Working with Pages
There are at least a couple things you should know about BoltWire page names. First, to keep things simple, page names should only contain letters, numbers, hyphens, underscores, and dots. Actually, BoltWire supports international language characters, so you are not stuck with A-Z, but you do need to avoid using any other punctuation, or spaces, in your page names.
Second, all page names are automatically converted to lower case, so there is no difference between page Some.Page and some.page. This makes links in BoltWire inherently case insensitive, which cut down on user errors.
You can see the name of your current page by looking at the URL in your browser address bar. Normally (if you are using our default setup), you will see a path to your site, followed by the name of the page, with the dots turned to slashes. That is, "www.mysite.com/some/page" means you are on "some.page". If an action is being performed on a page, BoltWire will add something like this to the end of the URL: "&action=print". Other parameters may be added in other situations, as well.
Because we often would rather have a page titled "Some Page" and not some.page, BoltWire has a special title action which allows you to assign a title to a page. If no title is set, BoltWire will take the last part of the page name, capitalize it, and use that for your title. This page, for example, is docs.tour.pages but its title has been set to "Working With Pages", which is what appears at the top of the page, and wherever the page title is called for.
All right, now for the good stuff. BoltWire uses a special feature we call hierarchical pages which means your pages can easily be organized into a hierarchy. So a page like plants.trees.oaks is contained within plants.trees, which is within plants.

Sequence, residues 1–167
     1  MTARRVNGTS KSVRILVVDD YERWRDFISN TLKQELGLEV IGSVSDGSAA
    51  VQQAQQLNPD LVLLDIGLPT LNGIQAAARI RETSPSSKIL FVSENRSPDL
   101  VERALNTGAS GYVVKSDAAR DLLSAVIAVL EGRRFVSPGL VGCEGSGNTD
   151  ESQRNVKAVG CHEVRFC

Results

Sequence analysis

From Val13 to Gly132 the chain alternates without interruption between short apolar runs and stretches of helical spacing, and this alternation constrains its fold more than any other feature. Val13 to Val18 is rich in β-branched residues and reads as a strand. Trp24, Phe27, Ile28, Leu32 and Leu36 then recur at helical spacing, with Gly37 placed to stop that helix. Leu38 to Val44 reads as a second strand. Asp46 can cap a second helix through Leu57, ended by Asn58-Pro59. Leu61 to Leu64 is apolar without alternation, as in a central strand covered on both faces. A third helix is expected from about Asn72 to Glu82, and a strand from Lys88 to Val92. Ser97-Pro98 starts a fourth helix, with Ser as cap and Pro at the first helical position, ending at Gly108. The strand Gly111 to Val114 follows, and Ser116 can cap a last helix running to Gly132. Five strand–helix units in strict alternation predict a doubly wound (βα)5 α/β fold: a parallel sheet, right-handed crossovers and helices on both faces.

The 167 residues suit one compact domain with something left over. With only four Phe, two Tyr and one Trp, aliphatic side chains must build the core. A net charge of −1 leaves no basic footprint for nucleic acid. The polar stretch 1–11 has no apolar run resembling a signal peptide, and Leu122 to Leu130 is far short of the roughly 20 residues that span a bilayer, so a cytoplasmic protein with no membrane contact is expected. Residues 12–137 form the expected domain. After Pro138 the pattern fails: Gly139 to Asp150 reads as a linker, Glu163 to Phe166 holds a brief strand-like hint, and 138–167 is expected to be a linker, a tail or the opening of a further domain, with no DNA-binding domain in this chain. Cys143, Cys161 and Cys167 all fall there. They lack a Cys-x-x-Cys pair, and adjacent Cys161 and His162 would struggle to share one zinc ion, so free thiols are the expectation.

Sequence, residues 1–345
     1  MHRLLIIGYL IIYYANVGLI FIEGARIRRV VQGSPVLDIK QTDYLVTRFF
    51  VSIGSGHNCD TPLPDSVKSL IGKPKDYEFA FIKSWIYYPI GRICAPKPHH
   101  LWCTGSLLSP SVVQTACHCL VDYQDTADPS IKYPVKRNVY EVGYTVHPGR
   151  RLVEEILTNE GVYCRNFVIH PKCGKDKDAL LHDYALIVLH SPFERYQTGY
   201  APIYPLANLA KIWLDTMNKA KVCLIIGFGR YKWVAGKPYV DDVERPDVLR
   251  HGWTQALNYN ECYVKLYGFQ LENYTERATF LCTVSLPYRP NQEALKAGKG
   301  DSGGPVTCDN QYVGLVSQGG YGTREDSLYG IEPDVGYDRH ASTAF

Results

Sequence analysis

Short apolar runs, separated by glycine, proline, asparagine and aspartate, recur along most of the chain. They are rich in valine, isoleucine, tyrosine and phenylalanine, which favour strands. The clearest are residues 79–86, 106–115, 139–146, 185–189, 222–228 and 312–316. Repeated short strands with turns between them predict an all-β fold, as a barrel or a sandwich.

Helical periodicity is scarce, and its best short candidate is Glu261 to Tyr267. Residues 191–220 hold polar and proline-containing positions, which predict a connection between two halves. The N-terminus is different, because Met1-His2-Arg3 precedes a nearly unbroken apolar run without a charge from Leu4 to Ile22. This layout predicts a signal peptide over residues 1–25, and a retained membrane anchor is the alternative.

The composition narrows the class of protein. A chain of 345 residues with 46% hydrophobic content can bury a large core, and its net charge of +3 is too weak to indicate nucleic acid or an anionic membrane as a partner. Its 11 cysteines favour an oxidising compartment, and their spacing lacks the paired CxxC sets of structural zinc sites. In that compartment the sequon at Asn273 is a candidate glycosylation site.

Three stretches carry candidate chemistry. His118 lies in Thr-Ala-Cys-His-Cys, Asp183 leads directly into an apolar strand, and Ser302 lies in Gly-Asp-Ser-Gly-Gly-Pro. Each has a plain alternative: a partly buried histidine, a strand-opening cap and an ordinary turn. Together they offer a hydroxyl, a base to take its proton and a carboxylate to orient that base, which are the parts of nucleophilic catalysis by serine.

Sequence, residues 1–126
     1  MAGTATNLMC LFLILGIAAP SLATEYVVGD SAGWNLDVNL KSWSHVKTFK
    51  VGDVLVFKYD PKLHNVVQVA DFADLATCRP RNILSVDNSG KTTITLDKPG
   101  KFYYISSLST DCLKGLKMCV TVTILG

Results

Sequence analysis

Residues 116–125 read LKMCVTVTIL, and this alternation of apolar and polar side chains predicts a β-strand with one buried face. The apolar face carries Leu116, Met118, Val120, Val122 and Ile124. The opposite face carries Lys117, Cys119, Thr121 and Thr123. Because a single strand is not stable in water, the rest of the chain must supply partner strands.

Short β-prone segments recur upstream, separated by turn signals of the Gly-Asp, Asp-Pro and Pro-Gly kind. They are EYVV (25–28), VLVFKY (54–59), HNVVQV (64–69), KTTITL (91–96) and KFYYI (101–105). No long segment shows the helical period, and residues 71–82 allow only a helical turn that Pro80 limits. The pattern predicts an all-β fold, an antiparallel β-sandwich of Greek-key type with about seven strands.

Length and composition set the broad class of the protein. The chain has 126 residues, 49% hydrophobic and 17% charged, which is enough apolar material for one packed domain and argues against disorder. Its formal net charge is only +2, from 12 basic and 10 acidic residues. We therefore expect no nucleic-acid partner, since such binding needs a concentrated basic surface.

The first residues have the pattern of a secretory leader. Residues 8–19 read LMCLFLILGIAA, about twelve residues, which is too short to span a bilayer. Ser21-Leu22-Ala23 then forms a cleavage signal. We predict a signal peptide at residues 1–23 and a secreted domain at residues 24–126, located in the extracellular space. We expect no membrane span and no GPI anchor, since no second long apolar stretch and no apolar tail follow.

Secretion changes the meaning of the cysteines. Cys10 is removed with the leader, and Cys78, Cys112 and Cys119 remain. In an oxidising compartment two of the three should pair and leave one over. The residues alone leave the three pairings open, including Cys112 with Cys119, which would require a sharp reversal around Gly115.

This is important because it enables you to control settings for entire groups of pages all at once. Suppose for example you created pages public.one, public.two, and public.three, then private.one, private.two, and private.three. You could very easily set view permissions to the public pages for any visitor, and limit viewing of the private pages to a specific group of logged in members. And that setting would apply to all the pages in that hierarchy.
In addition to view and edit permissions, you can customize their headers, footers, and side menus, create specialized actions, enable various plugins, or skins, and set various configuration options as well, for any group of pages you wish. Learning to use page hierarchies effectively can make web administration much simpler, and accomplish some amazing effects. We'll look at a couple examples in the next guide.
Before getting too far into your site creation, I recommend sketching out a simple hierarchy of how you will want to organize your pages. We usually recommend creating a series of "welcome" pages for non members visiting your site, a series of "members" pages for logged in members, and if you have a restricted partners area, consider creating a group of "partners" pages. Here's a more advanced tutorial on how page hierarchies work with helpful information if you want to read more.
Ok, ready to talk about the layout and design of your site?
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